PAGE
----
Laura Veirs grew up in Colorado Springs, Colorado, where she often spent summers camping with her family, which gave her much of her songwriting inspiration. Veirs has said that she didn’t seriously listen to music until she was in her 20s; instead, she just heard what was in her environment. She listened to folk, country, classical and pop music around the house and on the radio during her youth.
Attending Carleton College in rural Minnesota, Veirs latched onto feminist punk rock from the Pacific Northwest, eventually starting an all-female punk band called “Rair Kx!”. Laura studied geology and Mandarin Chinese. After college, she embraced older country and folk music. Her first foray into songwriting started with a geological expedition in China, where she served as translator. She was miserable and immersed herself into writing lyrics as a way of coping.
A prolific songwriter for nearly twenty years, Laura Veirs proves the depth of her musical skill on her tenth solo album, The Lookout. Here is a batch of inimitable, churning, exquisite folk-pop songs; a concept album about the fragility of precious things. Produced by Grammy-nominated Tucker Martine, Veirs’ longtime collaborator, The Lookout is a soundtrack for turbulent times, full of allusions to protectors: the camper stoking a watch fire, a mother tending her children, a sailor in a crows nest and a lightning rod channelling energy.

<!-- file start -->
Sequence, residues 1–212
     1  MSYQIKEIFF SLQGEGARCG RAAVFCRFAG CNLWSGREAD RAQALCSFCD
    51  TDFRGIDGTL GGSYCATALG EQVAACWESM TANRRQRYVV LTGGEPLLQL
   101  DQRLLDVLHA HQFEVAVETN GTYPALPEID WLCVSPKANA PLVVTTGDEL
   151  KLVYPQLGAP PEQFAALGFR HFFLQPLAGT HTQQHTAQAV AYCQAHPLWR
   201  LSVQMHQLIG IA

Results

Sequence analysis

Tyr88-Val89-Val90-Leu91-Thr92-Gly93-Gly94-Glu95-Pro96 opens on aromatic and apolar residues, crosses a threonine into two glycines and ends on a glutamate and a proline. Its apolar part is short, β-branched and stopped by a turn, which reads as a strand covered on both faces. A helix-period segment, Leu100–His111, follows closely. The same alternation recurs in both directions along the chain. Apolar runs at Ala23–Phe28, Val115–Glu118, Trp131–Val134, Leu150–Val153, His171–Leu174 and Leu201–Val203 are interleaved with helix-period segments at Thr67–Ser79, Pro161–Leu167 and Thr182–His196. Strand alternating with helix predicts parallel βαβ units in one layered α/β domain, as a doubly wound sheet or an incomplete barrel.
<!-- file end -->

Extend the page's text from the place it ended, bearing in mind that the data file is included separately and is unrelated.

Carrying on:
“The Lookout is about the need to pay attention to the fleeting beauty of life and to not be complacent; it’s about the importance of looking out for each other,” says Veirs. “I’m addressing what’s happening around me with the chaos of post-election America, the racial divides in our country, and a personal reckoning with the realities of midlife: I have friends who’ve died; I struggle with how to balance life as an artist with parenting young children.”
Written and produced on the heels of Veirs’ acclaimed album with Neko Case and kd Lang (case/lang/veirs), The Lookout integrates the fluency of collaboration with Veirs’ notorious work ethic. The twelve songs on the album are the result of a years’ worth of daily writing in her attic studio in Portland, Oregon.
Tune in Friday, June 22nd at Noon for a live session with Laura Veirs on JPR's Rhythm & News Service. To listen online, click the "Listen Live" link at the top of the page and select "Rhythm & News."